20 October 2020

The lecture studies the nature of constitutionalism in the Islamic world and how it deviates radically from the Liberal-Democratic Tradition. Most importantly, the objective of the state is not to aggregate preferences or reflect popular opinions, but to implement the Sharia. This has radical implications for the nature of executive authority and accountability. The speaker would also present a model of Islamic constitutionalism and discuss what it tells us about why Islamic constitutions look different.

James Robinson
James Robinson | Lecturer
James Robinson is a renowned political scientist and economist and faculty director of The Pearson Institute for the Study and Resolution of Global Conflicts. His research focuses on political economy, comparative politics and economic and political development, with a particular interest in Latin America and Sub-Saharan Africa. Professor Robinson received his PhD from Yale University, his MA from the University of Warwick, and his BSc from the London School of Economics and Political Science.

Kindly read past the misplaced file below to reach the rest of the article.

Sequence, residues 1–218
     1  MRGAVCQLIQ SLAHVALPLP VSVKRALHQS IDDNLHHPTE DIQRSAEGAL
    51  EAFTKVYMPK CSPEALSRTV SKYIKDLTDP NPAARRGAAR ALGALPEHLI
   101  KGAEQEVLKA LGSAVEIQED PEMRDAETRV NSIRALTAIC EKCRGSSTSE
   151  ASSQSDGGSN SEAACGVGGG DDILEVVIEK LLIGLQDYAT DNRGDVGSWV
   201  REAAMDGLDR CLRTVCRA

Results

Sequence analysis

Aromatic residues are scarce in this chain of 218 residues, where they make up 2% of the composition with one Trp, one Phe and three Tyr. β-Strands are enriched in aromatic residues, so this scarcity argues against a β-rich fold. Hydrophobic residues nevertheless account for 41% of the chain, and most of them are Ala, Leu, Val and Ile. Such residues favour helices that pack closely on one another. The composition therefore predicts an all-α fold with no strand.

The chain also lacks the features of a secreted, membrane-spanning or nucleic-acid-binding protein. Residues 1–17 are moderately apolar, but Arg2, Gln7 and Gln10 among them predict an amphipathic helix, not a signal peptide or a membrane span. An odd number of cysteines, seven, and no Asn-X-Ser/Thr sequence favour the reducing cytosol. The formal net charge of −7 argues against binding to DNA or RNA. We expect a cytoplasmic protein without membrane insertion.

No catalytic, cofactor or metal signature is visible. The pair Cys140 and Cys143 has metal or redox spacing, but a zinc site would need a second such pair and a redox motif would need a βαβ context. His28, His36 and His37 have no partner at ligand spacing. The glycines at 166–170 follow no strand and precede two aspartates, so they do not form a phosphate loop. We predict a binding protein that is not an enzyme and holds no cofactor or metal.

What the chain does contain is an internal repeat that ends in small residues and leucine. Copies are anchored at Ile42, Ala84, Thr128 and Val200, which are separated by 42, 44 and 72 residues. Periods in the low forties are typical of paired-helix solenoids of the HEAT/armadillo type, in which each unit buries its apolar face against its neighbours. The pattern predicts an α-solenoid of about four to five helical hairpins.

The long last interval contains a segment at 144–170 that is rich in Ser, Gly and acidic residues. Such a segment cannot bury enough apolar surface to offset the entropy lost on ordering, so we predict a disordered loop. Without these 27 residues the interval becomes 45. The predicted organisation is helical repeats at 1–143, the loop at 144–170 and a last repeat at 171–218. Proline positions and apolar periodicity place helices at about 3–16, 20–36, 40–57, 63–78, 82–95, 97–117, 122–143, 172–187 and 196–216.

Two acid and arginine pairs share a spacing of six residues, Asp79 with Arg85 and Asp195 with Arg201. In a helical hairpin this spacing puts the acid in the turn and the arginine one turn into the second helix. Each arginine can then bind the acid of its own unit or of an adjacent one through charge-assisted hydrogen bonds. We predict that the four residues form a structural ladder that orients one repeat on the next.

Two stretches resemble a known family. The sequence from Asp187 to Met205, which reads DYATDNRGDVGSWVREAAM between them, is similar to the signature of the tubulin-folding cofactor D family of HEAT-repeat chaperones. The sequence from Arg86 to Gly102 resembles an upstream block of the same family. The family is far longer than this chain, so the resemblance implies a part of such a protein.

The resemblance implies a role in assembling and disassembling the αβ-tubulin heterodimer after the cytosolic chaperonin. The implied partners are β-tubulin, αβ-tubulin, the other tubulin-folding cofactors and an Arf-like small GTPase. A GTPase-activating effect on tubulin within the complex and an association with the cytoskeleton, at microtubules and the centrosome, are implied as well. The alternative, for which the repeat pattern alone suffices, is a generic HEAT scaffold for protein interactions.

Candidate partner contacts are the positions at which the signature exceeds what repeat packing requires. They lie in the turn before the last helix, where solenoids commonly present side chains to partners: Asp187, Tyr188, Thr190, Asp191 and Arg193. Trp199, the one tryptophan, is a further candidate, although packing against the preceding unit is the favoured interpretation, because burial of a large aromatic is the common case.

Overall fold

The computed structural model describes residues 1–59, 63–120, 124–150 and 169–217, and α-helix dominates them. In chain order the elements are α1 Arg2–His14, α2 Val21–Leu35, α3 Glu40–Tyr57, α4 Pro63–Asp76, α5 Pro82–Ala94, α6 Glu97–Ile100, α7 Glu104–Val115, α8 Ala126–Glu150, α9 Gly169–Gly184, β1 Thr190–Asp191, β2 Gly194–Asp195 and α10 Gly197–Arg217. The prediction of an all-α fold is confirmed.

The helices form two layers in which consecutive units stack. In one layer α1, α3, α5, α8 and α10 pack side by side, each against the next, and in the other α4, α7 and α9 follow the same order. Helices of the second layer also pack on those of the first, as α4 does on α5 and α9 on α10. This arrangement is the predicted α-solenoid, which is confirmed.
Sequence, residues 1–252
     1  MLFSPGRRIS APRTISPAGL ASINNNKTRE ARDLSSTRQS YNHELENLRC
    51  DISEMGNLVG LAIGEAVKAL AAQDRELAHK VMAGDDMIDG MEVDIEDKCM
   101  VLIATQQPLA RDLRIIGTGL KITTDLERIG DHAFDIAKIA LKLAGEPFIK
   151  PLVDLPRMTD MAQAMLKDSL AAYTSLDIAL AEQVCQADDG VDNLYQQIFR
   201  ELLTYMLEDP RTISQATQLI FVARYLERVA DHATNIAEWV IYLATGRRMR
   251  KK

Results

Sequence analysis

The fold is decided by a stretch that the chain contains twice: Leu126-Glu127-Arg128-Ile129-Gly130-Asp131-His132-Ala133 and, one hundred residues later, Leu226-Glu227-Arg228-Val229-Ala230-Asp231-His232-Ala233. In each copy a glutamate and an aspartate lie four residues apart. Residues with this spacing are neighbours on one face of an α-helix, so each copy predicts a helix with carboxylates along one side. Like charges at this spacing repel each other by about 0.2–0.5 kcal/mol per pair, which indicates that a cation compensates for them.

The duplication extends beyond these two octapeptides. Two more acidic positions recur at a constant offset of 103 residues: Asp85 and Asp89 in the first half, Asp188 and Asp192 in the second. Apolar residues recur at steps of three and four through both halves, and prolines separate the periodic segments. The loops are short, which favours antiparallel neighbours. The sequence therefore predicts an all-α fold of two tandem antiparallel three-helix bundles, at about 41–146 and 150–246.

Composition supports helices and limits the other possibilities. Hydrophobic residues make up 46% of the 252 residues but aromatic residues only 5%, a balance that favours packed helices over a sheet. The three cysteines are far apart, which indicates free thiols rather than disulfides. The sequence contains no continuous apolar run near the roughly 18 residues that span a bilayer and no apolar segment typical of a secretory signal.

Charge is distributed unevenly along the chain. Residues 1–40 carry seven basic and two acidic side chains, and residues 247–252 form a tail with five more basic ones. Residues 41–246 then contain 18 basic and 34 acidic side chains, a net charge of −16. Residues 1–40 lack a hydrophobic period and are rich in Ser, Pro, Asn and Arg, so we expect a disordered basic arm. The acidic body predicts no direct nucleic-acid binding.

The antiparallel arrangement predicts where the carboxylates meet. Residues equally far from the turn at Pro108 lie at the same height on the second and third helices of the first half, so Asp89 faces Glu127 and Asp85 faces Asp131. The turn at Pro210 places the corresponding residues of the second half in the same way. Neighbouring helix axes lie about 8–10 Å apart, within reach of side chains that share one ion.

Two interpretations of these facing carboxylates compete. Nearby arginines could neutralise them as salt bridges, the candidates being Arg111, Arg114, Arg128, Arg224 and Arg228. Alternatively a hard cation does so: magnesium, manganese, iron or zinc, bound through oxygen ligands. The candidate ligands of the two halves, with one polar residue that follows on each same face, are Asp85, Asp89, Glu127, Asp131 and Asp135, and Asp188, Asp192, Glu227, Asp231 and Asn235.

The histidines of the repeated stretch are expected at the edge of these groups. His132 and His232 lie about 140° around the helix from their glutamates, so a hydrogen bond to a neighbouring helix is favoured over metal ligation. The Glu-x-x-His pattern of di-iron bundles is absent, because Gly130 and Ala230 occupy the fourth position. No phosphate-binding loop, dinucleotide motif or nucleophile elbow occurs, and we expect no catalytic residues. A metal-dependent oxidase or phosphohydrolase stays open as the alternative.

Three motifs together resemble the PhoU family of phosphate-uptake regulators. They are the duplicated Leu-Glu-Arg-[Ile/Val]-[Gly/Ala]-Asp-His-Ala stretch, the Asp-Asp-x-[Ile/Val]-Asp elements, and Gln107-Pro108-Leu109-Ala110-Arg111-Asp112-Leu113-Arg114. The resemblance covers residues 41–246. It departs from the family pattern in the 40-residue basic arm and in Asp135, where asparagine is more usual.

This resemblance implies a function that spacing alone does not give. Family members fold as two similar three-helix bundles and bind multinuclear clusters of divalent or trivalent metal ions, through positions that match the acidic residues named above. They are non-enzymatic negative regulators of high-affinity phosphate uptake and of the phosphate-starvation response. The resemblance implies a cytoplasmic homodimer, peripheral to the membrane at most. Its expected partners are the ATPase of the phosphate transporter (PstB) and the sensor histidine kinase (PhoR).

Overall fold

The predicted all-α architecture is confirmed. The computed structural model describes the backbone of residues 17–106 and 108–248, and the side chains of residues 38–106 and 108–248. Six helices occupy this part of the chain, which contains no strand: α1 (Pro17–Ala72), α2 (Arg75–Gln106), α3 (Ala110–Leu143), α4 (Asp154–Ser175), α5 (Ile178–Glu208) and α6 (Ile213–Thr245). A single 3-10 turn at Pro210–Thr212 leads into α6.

Ruben Enikolopov
Received his PhD in economics from Harvard University. Since 2008 he has been a professor at NES, and since 2013 - a professor at the University of Pompeu Fabra (Spain). One of the leading experts in the field of economic data analysis. The professor's research is published in the top 5 scientific journals in economics according to Scopus.